Forty-four hours in America. Three mass shootings. Nineteen lives wiped out. All in California.
The victims in suburban Monterey Park included people between the ages of 57 and 76, ringing in the Lunar New Year Saturday night at a dance studio in the heart of the city’s Asian American community.
Then it happened again.
Before authorities had released all of their names, another seven people were gunned down on Monday afternoon in a rural seaside town in northern California. The victims were immigrant laborers who toiled the land on a mushroom farm where some also lived in mobile homes and trailers.
And then again, this time in Oakland.
Communities in big cities and small towns across the US are being upended nearly every day as mass shootings in workplaces, schools and houses of worship become commonplace.
Gov. Gavin Newsom had been at a hospital with victims of the Monterey Park massacre on Monday when he was pulled away for a briefing on the rampage in Half Moon Bay.
“Tragedy upon tragedy,” Newsom tweeted.
The Democrat could have been referring to the first weeks of 2023 in America, which has already suffered 40 mass shootings this month – more than in any other start of the year on record.
A few threads connected the violence in California – elderly Asian gunmen in two of the cases, many victims were Asian American, as well as proximity and time. However, the greatest common denominator is a gun violence epidemic the United States seems incapable of eradicating.
“Only in America,” Newsom said of the bloodshed. “The devastation is felt for generations in some cases. Communities being torn asunder. No one feeling safe.”
Celebration of ‘peace and hope’ shattered by gunfire
What motivated Saturday night’s shooting at Star Ballroom Dance Studio in Monterey Park is still unclear.
The city’s majority Asian community had gathered on the eve of the Lunar New Year when 72-year-old Huu Can Tran opened fire, authorities said.
A search of the suspected gunman’s home turned up “hundreds of rounds” of ammunition as well as evidence that led officials to believe he was “manufacturing homemade firearm suppressors,” according to Los Angeles County Sheriff Robert Luna.
The gunman unleashed 42 rounds from a semi-automatic handgun at the dance hall before heading to a second dance studio in nearby Alhambra, where a civilian charged him and wrestled the gun away from him, Luna said.
“Lunar New Year for many of our Asian American communities is the most important and celebrated holiday we have,” said Connie Chung Joe, CEO of Asian Americans Advancing Justice Southern California. “We come together with families. We eat well. We have parades. (The shooting) is equivalent to having, in many parts of America, somebody gunned down at a Christmas Day parade.”
Eleven people died.
The victims were identified as Xiujuan Yu, 57; Hongying Jian, 62; Lilian Li, 63; Mymy Nhan, 65; Muoi Dai Ung, 67; and Diana Man Ling Tom, 70; Wen-Tau Yu, 64; Valentino Marcos Alvero, 68; Ming Wei Ma, 72; Yu-Lun Kao, 72; and Chia Ling Yau, 76.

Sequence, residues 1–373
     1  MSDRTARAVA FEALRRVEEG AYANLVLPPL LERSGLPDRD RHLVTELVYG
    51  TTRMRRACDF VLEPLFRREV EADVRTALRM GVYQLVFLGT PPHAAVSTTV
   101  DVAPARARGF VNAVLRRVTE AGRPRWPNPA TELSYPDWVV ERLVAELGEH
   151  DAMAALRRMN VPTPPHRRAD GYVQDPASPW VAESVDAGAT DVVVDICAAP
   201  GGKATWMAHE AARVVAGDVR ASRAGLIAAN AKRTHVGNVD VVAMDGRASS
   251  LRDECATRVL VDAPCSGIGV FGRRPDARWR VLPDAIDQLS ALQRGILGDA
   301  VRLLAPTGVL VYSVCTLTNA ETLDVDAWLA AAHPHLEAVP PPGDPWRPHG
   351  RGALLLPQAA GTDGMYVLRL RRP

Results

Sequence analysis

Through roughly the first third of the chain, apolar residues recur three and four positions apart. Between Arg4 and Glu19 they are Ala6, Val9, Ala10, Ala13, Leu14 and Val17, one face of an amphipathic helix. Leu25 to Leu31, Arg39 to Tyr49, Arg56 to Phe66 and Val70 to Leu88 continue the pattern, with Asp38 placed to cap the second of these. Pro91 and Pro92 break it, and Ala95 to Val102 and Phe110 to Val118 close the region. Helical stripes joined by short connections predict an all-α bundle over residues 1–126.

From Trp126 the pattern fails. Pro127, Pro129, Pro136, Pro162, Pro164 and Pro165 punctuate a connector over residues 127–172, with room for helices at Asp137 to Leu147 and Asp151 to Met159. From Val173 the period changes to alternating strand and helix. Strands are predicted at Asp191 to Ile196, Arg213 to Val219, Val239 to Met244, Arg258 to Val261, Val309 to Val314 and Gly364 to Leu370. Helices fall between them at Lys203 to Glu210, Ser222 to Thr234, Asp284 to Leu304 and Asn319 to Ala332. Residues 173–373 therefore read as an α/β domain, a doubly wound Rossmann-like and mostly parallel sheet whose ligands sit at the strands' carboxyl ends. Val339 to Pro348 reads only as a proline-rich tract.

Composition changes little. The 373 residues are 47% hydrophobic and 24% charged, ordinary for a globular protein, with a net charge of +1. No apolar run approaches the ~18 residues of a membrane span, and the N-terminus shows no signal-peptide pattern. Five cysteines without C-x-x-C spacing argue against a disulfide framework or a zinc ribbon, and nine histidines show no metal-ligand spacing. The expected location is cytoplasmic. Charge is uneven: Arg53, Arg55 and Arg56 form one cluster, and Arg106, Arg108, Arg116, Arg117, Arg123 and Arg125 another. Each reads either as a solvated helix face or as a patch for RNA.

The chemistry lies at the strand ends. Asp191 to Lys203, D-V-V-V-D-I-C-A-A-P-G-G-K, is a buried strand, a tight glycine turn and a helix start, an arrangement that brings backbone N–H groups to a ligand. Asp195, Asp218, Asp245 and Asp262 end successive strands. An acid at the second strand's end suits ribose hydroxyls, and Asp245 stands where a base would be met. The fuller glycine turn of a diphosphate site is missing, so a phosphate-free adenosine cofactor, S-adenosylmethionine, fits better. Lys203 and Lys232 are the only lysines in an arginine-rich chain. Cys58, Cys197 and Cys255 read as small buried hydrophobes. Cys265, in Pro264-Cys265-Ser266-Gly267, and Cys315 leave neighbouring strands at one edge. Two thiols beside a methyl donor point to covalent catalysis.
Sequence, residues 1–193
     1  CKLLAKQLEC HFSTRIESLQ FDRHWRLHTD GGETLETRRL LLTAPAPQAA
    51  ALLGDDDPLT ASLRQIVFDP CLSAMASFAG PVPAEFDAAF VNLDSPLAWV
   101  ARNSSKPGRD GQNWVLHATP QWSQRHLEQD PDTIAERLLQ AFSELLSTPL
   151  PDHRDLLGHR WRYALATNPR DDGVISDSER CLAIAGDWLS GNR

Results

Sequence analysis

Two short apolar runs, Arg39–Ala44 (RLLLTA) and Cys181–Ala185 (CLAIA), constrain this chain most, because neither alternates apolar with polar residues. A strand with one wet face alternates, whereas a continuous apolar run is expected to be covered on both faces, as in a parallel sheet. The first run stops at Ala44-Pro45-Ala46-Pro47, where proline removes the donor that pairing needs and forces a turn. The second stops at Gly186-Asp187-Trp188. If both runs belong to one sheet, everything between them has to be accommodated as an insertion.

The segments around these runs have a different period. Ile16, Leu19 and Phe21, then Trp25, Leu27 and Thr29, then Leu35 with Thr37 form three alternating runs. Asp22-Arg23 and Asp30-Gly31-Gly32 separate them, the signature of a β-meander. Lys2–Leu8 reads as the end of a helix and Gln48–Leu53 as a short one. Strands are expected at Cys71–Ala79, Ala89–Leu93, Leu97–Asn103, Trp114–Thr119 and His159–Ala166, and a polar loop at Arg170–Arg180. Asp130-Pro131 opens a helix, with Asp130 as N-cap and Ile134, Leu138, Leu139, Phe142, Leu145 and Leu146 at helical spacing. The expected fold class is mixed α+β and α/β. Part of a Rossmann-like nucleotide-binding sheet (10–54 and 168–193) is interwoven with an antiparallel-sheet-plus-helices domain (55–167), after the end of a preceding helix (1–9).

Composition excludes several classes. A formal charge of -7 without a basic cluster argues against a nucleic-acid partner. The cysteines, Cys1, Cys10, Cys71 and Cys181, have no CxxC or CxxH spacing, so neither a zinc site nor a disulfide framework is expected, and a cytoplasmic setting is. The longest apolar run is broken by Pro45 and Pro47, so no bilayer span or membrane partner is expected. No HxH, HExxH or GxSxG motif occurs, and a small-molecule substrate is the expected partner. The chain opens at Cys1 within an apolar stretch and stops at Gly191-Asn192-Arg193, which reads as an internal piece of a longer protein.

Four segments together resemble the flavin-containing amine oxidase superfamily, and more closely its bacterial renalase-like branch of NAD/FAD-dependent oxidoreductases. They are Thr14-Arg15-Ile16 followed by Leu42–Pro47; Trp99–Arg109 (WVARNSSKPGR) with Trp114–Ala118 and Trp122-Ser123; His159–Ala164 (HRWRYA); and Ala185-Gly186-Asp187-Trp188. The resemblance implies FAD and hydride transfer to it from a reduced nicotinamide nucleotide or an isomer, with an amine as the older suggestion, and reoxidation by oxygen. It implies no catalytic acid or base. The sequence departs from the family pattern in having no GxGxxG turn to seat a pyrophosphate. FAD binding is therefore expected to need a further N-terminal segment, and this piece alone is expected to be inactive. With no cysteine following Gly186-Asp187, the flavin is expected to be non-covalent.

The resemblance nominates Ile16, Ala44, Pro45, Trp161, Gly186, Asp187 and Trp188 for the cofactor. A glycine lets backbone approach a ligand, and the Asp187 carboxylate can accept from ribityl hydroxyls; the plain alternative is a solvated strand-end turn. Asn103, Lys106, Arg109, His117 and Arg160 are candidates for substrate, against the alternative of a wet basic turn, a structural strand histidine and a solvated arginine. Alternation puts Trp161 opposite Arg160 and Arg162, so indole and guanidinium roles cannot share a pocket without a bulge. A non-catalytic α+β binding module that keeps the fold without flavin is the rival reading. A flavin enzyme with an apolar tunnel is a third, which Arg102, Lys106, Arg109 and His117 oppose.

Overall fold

Tran was found dead from a self-inflicted gunshot wound inside a white van about 30 miles away in Torrance less than a day later, the sheriff said. Authorities said he was familiar with the dance hall.
It’s unclear why he targeted the mostly elderly Asian American patrons during a celebration.
“It’s the year of the rabbit, a symbol of peace and hope,” said Mike Fong, a California State Assemblyman. “And to have that peace and hope shattered in a matter of moments … is unfathomable.”
A vigil and word of a new massacre, an ‘eerie déjà vu’
On Monday afternoon, California Assemblyman Marc Berman, a Democrat, joined colleagues at the state Capitol steps for a vigil for victims of the Monterey Park shooting when he learned of the farm massacre.
“Before we’ve even had a chance to mourn them, there is yet another mass shooting – this time in Half Moon Bay. In my district,” he tweeted.
California State Sen. Josh Becker, a Democrat who represents San Mateo County, told CNN that colleagues at the vigil, after learning of Monday’s shootings, were left asking: “What more can we do?”
Becker added, “We pride ourselves in California as having some of the toughest gun laws in the country. But I got to tell you those don’t matter a bit when there are seven people dead in your own community, when there’s … 11 people dead in Monterey Park. It doesn’t matter one bit.”
Henry Lo, the mayor of Monterey Park, said his community was still processing the violence and grieving the victims there when news spread about the shootings in Half Moon Bay.
“I know exactly what they’re going through,” he said. “It was an uncomfortable, eerie déjà vu.”
He added, “In their community, like in Monterey Park, the feelings are of disbelief. Why is this happening? And shock and just sadness over a tragedy, loss of life and more violence.”